CHEMISTRY Australia has said that manufacturing and jobs are still being affected by rising gas prices, despite government action.
Australia has an energy crisis on its East coast, which is seen to be largely of its own making. It has been exporting most of the liquefied natural gas (LNG) it produces, estimated at 62% last year by the BP Statistical Review of World Energy. This has left little in reserve for domestic energy production, where gas is increasingly needed following the closing of ageing coal plants and a push towards intermittent renewable sources. Subsequently, domestic gas prices have increased by 80% over the past year and a half.
The Australian government’s response was to introduce the Australian Domestic Gas Security Mechanism last week, which calls for LNG export control restrictions.
However, Chemistry Australia’s CEO, Samantha Read, has said that manufacturers in the Australian chemistry industry are not seeing an end to rising prices – and the crisis is far from over.
She said: “If anything, there appears to be continued upward pressure both on the cost of gas and its delivery. Members are still reporting increases of between 30–60% in negotiating new gas energy contracts.”
The Australian chemical industry uses 10% of Australia’s domestic gas for process energy, and as a non-substitutable feedstock for advanced manufacturing.
“Continued rises of this magnitude really are a question of survival. Demand destruction is not a solution to the gas crisis,” she continued.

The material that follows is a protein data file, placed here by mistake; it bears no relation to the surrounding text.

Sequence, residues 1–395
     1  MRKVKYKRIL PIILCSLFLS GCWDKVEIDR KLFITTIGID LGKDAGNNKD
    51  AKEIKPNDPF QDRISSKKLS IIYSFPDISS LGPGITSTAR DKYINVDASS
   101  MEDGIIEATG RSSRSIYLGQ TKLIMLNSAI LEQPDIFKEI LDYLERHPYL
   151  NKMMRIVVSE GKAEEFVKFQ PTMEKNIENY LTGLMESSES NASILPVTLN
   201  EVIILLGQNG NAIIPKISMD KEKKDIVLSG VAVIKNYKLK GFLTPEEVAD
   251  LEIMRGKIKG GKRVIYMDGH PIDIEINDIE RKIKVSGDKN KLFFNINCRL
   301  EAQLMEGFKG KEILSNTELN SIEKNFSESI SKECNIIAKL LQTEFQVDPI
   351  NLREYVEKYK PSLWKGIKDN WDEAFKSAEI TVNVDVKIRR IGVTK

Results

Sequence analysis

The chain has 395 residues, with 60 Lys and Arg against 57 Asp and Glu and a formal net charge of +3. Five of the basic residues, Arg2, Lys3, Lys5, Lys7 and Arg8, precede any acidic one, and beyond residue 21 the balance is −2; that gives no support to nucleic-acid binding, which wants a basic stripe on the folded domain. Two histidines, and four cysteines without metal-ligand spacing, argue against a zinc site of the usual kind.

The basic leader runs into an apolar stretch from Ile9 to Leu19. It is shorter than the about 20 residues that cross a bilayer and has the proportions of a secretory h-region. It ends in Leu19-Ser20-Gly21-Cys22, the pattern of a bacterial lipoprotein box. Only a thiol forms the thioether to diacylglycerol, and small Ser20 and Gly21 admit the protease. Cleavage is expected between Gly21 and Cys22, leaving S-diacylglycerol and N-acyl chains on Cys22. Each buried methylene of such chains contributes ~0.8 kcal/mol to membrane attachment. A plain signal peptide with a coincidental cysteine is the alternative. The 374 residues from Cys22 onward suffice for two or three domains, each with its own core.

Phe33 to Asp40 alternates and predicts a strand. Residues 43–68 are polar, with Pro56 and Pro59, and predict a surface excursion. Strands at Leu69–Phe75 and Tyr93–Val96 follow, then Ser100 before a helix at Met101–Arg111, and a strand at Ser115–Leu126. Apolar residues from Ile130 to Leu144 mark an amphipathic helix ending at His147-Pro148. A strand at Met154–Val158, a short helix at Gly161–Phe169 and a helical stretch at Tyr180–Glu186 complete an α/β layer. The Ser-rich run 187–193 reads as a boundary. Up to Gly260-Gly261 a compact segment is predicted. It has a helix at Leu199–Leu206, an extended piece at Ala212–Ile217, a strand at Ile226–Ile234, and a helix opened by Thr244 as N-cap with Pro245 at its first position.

The 2014 Deloitte Access Economics Report forecast losses of 14,500 jobs between 2014–2021 in net present value terms, due to the rising gas costs and constrained supply. Read believes that losses may in fact be higher than forecast.
Read said: “The modelling applied was based on gas in the US$8–10/GJ range, but anecdotally we are hearing of US$12–16, and even higher prices.
“These shifts of a dollar or two per gigajoule don’t illustrate the full impact to businesses, where the actual dollar effect is in the hundreds of thousands, and in some cases millions, added to input costs.”
The security mechanism is expected to provide some short-term supply certainty for gas buyers, giving them time to assess their position, but Read stated her concerns for the longer term.
She said: “If a business can make it through this period of crisis, will there be more gas supply, at more competitive prices, into a more transparent market?
“There has been a lack of understanding of how critical domestic gas is to job creation. Australia has an abundance of gas; our ambition should be greater than just meeting current day demand. Gas can create opportunities right through Australia’s value chains, and be a catalyst for investment just as it is in other countries endowed with similar gas reserves.”
Read believes that the most fundamental part of the picture is new gas supply. She stated that if all states were to adopt the Australian Competition and Consumer Commission’s recommendation for a case-by-case assessment on projects, this would open investment and jobs growth potential.
Read the 2014 Deloitte Access Economics Report here: https://tinyurl.com/yaxv5akj
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